Popular Science looks forward to the talkies in October 1922
Another day, another digitised journal. This time it is Popular Science, the American science and technology journal which has been reporting on scientific developments for a general audience since 1872 (when it was Popular Science Monthly). The journal went online in 1999 and has now gone a step further by putting its entire 138-year archive online as well, and all freely available.
It is a simple resource to use – just a search box (there is no advanced search though advanced features for searching and browsing are promised for the future), and then the list of results. This gives the date of the monthly issue and the page on which the search term can be found (which will be highlighted in yellow on the page itself). Clicking on the link takes you to the specific page, and if you want to browse the issue further you simply have to scroll up or down. The instructions promise a magnifying glass controls to zoom in and out on the page, but this seems only to be available on the Google Books version, where there entire run of the journal can also be found. There is no option for copying text or downloading the documents.
So, using our regular test search term, ‘kinetoscope’ what do we get? There are ten hits, the earliest a passing mention among a list of Edison inventions in January 1895, then a proper description in May 1896, a detailed article and well-illustrated on the new science of motion pictures in general from December 1897, then mentions in March 1905, October 1913, and retrospective mentions in later issues. Other keywords that yield useful results include ‘cinematograph’, ‘kinematograph’, ‘movie’, and ‘motion picture’. There are articles on film production, motion picture technology (cameras, projectors, lighting, sound technology as in the article illustrated above) and experiments using film. There are also several articles on pre-cinema technologies and the work of chronophotographers such as Eadweard Muybridge and E.J. Marey.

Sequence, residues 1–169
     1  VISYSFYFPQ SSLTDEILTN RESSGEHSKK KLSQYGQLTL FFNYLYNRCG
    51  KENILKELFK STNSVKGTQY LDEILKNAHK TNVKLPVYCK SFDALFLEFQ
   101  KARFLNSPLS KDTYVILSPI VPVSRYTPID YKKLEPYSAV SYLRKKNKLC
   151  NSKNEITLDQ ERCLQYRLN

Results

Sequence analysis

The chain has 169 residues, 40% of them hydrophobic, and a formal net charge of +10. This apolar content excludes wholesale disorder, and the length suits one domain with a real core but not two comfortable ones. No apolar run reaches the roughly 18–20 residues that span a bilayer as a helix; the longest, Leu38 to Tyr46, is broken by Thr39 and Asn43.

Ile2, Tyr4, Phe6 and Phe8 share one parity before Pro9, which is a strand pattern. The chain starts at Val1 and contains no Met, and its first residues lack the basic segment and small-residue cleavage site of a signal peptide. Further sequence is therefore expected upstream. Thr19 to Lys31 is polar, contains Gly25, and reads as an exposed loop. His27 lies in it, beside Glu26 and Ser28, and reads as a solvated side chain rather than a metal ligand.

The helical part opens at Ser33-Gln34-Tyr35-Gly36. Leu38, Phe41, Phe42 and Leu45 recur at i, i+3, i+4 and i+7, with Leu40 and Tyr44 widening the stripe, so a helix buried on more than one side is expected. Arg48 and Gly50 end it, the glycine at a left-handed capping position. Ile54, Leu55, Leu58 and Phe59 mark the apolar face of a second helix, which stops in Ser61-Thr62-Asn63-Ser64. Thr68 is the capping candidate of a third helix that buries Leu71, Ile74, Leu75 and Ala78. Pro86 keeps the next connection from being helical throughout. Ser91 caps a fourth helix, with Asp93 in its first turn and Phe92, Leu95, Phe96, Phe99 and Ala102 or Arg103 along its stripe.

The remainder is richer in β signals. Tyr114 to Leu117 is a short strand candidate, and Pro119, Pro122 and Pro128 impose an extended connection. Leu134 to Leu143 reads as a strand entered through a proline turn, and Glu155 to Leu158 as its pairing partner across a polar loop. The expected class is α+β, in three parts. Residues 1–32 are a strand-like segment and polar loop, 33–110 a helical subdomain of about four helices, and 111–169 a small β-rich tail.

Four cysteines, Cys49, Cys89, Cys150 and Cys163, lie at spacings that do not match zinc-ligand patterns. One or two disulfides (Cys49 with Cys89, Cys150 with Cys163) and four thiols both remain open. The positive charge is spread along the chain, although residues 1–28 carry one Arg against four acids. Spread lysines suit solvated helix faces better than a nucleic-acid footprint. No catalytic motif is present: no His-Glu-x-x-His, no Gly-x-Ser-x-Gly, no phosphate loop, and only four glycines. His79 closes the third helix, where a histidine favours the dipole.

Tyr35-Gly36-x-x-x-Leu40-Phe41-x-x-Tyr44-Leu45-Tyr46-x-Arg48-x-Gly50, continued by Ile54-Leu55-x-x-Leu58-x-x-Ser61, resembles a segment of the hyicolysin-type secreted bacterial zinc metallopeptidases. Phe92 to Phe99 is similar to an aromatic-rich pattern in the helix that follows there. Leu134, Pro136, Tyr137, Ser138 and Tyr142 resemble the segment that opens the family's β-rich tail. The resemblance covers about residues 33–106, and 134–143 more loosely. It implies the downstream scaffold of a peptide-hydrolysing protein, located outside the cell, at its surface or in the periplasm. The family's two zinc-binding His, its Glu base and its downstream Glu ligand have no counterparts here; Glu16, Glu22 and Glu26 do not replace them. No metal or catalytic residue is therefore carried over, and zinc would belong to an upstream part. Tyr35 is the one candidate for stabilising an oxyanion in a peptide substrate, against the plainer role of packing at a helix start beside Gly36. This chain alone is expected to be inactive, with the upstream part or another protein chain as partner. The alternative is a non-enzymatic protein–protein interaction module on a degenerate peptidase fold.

The articles are usually illustrated, and in keeping with the journal’s mission the explanations are clear and useful. The older articles (pre-1914) tend to be longer and more scholarly in tone; the later pieces are shorter and more populist in nature. It’s a fine resource, easy to use, and of value both for the intrinsic information offered and for insights into how the new science of motion picture film was viewed and explained to a particular, educated audience. Go explore.